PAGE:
There are 23-images shared with the majority (11) taken with the 23mm, (1) at 60.7mm, (8) at 63mm and (3) at 120mm.  The majority of the ISO used was 100 (15) with the highest at 500.  The most used lens for these images was the GF23mm. 

The following 2-images are the result of focus stacking. Each image was shot with 5-captures autofocus, moving the focal point for each capture using the toggle switch.  In the past I would have had to use manual focus touching the focus ring. Not so with these as I only had to touch the rear of the camera body which was the most secure as it sat overtop the tripod.  Try it to see what I'm talking about.
"White Room"
Fujifilm GFX50s GF 23 f/4
f/4 4-seconds ISO 100
 
"White Room II"
Fujifilm GFX50s GF 63mm f/2.8
f/2.8 0.3 ISO 100
 
I used the same workflow that I developed prior to the trip with downloading the files onto an external drive then converting the files to .dng before using Exif Pilot to batch change two lines in the Exif.  All images were opened in Capture One Pro, initially processed before sending them to Photoshop CC.   
The following 3-images were captured in the Colonel Ward Pumping Plant 2. The equipment photographed are the original pumps used to supply water to Buffalo.  I’ll be sharing more images on another blog.
Fujifilm GFX 50s GF 120mm f/4
f/6.4 0.3 ISO 100
 
Fujifilm GFX 50s GF 120mm f/4
f/6.4 0.3 ISO 100
 
Fujifilm GFX 50s GF 32-64 f/4
60.7mm f/8 0.8 ISO 100
If you want to challenge yourself and capture urban decay and don’t mind climbing several flights of stairs, shooting in dark, damp and cramped spaces then I’d highly recommend the Silo City Photography Workshop.  Mark hosts several workshops per year and Capture Integration partners at least once per year.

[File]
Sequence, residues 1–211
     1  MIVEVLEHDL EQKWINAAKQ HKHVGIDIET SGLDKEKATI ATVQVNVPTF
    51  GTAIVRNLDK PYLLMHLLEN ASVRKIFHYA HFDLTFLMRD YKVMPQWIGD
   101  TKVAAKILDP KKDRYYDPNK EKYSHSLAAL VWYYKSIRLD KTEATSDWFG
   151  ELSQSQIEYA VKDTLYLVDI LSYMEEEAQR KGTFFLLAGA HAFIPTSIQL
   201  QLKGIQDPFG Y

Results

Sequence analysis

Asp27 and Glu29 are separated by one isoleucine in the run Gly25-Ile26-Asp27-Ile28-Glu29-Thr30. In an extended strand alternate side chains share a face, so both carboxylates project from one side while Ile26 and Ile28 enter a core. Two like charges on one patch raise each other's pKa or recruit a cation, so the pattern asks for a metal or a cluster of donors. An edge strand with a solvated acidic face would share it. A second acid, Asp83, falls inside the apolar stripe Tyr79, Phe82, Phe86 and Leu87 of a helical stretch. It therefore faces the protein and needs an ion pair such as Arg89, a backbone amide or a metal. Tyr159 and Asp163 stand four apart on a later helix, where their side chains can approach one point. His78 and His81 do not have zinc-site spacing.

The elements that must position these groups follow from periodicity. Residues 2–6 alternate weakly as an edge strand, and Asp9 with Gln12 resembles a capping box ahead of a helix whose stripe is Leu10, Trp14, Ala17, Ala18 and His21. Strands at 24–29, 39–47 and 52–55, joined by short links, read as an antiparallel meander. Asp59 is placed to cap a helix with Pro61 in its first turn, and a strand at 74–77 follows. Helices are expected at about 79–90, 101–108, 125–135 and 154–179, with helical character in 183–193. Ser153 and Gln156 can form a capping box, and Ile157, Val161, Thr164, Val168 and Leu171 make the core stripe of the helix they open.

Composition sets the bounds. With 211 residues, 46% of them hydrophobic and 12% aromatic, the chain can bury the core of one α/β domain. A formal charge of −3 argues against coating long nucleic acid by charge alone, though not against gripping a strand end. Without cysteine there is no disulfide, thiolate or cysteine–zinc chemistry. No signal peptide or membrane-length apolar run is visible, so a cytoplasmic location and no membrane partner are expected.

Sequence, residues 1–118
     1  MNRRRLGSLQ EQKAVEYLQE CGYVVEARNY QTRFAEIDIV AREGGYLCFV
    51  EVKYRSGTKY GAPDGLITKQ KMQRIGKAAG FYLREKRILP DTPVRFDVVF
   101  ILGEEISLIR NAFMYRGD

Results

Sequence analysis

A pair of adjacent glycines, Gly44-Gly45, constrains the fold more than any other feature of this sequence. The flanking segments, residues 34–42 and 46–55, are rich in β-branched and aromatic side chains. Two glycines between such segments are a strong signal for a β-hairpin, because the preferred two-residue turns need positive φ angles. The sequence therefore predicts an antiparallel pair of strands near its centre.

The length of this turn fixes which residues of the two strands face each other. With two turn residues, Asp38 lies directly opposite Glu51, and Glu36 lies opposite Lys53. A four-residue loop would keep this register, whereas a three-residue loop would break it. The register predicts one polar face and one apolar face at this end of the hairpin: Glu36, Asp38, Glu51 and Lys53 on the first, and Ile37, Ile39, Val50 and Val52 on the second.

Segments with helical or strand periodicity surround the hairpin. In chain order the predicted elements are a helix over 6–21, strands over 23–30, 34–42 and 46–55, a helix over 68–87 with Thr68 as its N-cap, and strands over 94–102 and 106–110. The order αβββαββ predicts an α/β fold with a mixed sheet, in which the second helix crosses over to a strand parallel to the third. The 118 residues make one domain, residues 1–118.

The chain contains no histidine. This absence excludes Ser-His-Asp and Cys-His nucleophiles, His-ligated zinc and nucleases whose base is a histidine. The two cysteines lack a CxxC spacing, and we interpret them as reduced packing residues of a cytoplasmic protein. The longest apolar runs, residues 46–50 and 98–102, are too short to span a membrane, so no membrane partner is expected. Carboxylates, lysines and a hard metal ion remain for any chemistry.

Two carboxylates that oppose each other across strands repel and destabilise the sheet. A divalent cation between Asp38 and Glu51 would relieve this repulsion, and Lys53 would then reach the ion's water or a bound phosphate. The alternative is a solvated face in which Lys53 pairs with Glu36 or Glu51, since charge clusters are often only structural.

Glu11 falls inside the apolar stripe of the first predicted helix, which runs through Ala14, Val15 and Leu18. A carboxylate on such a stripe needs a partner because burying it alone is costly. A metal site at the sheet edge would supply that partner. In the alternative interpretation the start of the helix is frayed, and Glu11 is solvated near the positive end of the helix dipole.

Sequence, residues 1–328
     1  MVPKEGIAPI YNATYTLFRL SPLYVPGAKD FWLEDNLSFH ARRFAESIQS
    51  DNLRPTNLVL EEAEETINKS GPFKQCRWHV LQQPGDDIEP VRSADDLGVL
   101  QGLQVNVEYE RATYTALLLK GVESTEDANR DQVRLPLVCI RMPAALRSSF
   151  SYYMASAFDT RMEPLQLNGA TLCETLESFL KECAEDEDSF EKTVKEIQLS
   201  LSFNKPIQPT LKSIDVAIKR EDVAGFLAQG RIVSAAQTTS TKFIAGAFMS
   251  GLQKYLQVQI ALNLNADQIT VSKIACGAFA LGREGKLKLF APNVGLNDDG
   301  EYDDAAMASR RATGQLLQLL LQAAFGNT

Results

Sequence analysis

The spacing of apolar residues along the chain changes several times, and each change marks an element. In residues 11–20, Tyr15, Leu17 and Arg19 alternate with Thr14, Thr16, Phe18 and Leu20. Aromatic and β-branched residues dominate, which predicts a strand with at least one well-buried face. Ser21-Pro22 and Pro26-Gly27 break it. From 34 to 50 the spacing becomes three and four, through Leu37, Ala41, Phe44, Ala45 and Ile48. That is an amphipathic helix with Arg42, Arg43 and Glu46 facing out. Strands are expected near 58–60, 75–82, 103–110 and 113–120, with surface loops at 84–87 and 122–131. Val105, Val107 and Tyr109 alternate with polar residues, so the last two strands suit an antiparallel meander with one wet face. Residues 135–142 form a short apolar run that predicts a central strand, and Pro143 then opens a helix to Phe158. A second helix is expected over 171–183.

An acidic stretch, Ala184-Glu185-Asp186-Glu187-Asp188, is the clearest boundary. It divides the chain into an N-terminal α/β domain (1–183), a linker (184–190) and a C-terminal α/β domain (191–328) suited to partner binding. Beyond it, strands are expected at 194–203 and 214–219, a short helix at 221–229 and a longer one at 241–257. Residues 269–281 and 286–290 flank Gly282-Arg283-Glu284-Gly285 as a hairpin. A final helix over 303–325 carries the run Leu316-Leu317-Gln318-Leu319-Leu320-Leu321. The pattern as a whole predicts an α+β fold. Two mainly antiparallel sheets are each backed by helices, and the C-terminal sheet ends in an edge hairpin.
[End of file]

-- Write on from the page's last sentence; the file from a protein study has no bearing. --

The remaining images were all captured in Concrete Central; a place where there’s more paint on the walls than bare concrete. The floors are littered with trash and stepping away from the window light the walls very dark and spooky.  
Fujifilm GFX 50s GF 23f/4
f/4 1/15 ISO 100
 
Fujifilm GFX 50s GF 23 f/4
f/4  1/4  ISO 100
Two images focused stacked
I found working with the GFX50s easy and enjoyable.  I had 5-shooting days capturing 466 images with no issues.  Likewise each lens performed as I had hoped it would producing crisp clear and clean files even at a higher ISO.  The more I use the GFX 50s the more I like it.
This is the first of what may become several blogs regarding shooting Silo City with the Fujifilm 50s.
Please let me know if you have any questions, suggestions or thoughts.
Don
 
 

 
 
 
 
 
 
 
 
 

 


Friday, July 7, 2017

Fujifilm GFX 50s

GF120mm f/8 1/3200 ISO 5000
Shot handheld
 
100% crop from above
 
GF120 f/10 1/4000 ISO 3200
Shot handheld and cropped
 
I’ve been busy using the Fujifilm GFX 50s in a way I wish I could with my Phase One XF; shooting small fast moving subjects. 
GF120mm f/11 1/4000 ISO 3200
Shot handheld and cropped
 
GF120mm f/18 1/4000 ISO 3200
Shot handheld and cropped

I've found the best way to get use to a camera/lens combination is to test it on small fast moving objects thus I picked the hummingbirds.   Sandy and I spent 4-days shooting these tiny fast moving birds using a combination of cameras.  Sandy used her Sony A7rII in burst mode which sounds like a machine gun going off; I tried the Phase One XF in “burst mode” and was lucky to get 1 in 10. I then switched to the Fujifilm GFX 50s and while not nearly as fast as the Sony it did very well for itself. 
The next two images were shot f/8, 1/2500 ISO 2000 handheld using the GF120mm

 
The following image was also shot handheld with the GF120mm with a shutter speed of 1/4000 which is the max the Fujifilm GFX 50s is capable of.  Once again these are 100% crops from the original files.
 
 
Note: The Phase One XF and 100-megapexel IQ1-100 was never meant for ultra-fast shooting.  I knew that when I tried it and expected it as well.  I tried the XF one morning for just a very short while and the images I did manage to capture are stunning. Nothing beats the IQ1-100 for image detail and you need to use it for its intended purpose; for me that’s landscape work.